This study evaluated private sector participation and access to university education in Nigeria. The study also examined the extent to which these private universities have solved the problem of unsatisfied demand that characterised university education in Nigeria. Descriptive research design (ex-post facto type) was adopted in the study. The population of the study consisted all the 34 private and 59 public universities in Nigeria as at August, 2008. All the candidates that applied for admission into the Nigerian universities (both public and private) and all those admitted between 1998/99 through 2005/2006 were also considered in the study. The sample of the study consisted 20 academic staff each from 4 universities (2 public and 2 private) in southwestern Nigeria. The institutions and the academic staff were randomly selected. Also, 10 officials each from the National Universities Commission (NUC), Joint Admissions and Matriculation Board (JAMB) and National Manpower Board (NMB) (30 altogether) were selected randomly. Director and Deputy Director of Academic Planning Office in each of the four selected universities were also involved. A set of instrument titled: “ Private Sector Participation and Access to University Education Questionnaire” (PSPAUEQ) was developed to obtain relevant data for the study. This was supported with hard data obtained from secondary sources: Annual Abstract of Statistics, JAMB Annual Reports and NUC’s Publications. The variables considered in the PSPAUEQ are private universities, public universities, private sector participation, access to university education and evaluation. Test-retest reliability co-efficient of 89.4% was obtained for the instrument. The data collected were analysed using simple percentages and presented in tables. The results of the study revealed that even though, private universities have increased tremendously and in an unprecedented manner, yet, they have not been able to cope with the demand for university education in Nigeria. The need for government to provide support for the applicants and the respective universities to further widen the access which they were established to create and make them much more viable and affordable was advocated for so as to reduce the unsatisfied demand in the country.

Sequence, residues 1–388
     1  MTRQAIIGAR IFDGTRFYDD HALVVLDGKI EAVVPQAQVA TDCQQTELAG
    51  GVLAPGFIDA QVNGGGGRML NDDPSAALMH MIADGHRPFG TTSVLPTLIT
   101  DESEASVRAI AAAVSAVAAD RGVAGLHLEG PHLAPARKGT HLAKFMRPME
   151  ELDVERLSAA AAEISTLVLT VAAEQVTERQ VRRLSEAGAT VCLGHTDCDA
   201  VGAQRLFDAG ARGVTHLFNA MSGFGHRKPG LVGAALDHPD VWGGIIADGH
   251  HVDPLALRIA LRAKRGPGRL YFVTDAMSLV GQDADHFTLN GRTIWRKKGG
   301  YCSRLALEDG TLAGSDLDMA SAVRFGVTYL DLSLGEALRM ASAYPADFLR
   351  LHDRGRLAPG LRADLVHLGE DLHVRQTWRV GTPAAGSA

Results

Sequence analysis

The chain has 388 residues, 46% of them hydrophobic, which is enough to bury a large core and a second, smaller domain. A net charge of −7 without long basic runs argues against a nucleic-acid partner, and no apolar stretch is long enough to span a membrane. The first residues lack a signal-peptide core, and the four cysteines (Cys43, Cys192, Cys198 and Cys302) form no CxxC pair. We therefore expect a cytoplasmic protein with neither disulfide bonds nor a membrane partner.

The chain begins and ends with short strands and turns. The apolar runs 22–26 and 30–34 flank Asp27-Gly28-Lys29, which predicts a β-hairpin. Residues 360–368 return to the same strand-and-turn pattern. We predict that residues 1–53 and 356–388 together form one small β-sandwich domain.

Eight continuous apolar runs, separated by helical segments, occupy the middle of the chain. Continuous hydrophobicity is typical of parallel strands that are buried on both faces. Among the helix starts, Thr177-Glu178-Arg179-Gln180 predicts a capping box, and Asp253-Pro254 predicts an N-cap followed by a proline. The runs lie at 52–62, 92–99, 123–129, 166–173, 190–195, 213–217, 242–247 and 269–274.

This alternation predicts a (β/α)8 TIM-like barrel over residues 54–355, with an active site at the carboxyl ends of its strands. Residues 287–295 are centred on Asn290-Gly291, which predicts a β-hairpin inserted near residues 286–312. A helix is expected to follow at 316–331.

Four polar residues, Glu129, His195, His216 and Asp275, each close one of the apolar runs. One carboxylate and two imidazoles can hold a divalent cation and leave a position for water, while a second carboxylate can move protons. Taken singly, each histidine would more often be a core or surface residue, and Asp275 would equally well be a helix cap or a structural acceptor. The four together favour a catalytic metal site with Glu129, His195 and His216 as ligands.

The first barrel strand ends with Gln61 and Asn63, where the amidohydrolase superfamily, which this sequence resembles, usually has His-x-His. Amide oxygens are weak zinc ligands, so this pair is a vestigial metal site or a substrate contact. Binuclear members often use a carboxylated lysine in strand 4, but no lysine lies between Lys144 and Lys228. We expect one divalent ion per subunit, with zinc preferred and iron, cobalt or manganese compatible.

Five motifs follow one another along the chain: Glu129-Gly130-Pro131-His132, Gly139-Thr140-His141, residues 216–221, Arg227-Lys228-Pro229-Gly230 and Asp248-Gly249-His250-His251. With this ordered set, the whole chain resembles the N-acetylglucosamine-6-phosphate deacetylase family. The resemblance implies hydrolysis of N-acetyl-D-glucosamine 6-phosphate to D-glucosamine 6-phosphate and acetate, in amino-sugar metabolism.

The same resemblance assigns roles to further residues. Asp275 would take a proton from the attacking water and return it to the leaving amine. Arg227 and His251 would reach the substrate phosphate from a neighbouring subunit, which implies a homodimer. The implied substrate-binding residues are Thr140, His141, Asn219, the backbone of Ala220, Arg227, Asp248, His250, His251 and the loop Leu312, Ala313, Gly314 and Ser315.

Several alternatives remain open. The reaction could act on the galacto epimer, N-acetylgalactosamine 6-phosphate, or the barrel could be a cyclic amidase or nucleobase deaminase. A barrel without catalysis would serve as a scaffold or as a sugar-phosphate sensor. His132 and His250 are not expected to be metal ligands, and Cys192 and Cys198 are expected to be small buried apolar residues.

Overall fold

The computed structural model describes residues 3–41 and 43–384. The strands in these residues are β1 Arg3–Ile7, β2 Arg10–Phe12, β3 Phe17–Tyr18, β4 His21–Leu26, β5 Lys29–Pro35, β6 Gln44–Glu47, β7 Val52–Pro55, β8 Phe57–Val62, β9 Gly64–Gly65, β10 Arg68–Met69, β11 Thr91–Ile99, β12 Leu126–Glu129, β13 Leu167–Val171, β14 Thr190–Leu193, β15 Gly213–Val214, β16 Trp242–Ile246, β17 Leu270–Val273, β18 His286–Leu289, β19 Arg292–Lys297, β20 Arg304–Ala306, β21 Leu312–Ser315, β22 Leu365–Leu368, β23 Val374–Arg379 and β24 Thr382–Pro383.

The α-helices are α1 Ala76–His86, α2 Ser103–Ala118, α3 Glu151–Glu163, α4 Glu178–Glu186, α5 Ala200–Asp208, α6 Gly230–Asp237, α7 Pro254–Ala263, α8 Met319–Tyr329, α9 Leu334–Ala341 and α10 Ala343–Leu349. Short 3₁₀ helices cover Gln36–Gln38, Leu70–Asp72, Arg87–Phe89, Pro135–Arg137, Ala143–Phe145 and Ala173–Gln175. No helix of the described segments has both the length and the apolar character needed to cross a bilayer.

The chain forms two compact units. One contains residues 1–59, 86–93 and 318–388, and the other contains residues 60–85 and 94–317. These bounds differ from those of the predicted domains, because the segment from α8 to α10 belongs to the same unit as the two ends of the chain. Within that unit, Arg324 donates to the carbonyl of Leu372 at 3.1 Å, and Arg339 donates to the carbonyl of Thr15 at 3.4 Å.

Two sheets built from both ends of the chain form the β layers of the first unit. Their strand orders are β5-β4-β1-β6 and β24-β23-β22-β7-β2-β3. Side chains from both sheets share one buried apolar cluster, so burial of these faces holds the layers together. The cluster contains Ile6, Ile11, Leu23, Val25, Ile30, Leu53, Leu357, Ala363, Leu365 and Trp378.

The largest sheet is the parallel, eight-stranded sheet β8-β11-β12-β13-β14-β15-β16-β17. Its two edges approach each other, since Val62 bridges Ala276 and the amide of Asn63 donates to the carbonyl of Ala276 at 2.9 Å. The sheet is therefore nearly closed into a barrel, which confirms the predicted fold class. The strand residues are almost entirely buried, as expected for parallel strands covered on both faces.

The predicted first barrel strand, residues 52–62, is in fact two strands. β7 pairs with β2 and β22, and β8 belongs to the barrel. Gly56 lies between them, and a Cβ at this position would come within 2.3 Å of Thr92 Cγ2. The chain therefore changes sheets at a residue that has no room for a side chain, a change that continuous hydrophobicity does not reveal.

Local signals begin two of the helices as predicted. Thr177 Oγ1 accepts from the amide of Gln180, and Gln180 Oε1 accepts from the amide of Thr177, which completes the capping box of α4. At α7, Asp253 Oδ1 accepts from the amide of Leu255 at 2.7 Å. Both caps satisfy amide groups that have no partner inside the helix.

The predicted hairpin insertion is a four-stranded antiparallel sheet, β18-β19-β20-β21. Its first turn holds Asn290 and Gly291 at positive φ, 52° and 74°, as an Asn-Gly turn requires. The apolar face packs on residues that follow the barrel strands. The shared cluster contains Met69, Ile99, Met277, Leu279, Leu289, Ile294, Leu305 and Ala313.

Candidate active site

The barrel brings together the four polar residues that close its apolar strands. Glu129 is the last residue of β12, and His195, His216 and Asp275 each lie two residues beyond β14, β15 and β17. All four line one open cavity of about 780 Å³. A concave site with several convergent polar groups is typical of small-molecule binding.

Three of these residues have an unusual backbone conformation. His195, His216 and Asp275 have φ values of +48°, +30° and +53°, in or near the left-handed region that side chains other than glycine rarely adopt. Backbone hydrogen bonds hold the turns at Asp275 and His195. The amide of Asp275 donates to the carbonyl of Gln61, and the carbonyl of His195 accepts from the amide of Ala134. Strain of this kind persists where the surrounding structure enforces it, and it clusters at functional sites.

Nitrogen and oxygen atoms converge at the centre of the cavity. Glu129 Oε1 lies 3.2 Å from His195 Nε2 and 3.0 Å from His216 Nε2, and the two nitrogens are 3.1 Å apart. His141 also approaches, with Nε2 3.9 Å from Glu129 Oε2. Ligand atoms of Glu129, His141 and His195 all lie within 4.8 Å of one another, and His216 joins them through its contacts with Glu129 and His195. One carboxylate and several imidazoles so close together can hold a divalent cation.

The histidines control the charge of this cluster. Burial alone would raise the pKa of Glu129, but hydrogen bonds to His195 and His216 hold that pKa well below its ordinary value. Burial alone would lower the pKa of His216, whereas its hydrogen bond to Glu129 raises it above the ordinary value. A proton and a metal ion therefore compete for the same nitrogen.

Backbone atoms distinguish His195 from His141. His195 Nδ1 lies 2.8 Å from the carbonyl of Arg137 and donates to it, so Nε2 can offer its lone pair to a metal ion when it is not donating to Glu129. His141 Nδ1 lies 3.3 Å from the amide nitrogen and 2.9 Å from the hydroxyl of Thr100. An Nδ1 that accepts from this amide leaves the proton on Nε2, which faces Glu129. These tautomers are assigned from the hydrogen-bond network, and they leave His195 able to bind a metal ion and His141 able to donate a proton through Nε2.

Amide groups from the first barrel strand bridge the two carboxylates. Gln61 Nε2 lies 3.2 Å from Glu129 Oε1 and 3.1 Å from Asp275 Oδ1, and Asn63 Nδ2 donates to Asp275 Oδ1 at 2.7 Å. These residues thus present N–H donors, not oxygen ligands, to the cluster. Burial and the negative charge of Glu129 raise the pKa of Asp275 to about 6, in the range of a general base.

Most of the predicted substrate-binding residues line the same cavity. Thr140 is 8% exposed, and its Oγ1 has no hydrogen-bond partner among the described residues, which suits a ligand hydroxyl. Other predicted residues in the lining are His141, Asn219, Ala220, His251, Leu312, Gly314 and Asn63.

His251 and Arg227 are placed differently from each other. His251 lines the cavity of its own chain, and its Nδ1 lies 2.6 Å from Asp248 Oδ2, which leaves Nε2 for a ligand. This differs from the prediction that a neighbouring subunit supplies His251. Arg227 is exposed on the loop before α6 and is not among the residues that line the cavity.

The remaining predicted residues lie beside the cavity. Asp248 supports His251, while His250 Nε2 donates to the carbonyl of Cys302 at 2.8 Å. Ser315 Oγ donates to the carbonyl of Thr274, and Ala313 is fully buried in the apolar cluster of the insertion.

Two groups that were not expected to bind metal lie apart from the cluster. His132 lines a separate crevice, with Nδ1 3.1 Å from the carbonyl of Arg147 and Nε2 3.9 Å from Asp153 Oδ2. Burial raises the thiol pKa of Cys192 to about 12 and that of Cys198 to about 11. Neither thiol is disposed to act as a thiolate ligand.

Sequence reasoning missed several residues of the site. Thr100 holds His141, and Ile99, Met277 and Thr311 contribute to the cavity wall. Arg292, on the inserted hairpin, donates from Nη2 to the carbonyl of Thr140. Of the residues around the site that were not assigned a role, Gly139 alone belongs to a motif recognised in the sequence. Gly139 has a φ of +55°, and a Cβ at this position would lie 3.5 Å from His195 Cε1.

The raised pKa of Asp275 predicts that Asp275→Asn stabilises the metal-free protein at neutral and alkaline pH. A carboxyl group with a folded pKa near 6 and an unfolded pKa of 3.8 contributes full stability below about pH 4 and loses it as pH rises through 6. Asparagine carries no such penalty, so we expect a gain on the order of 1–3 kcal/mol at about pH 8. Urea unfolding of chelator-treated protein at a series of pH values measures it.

|Keywords:||Private Universities, Public Universities, Private Sector Participation, Access to University Education and Evaluation|
Lecturer and Researcher, Educational Administration and Planning, Faculty of Education, Obafemi Awolowo University, Ile-Ife, Osun, Nigeria
Principal Lecturer, Emmanuel Alayande College of Education, Oyo, Nigeria
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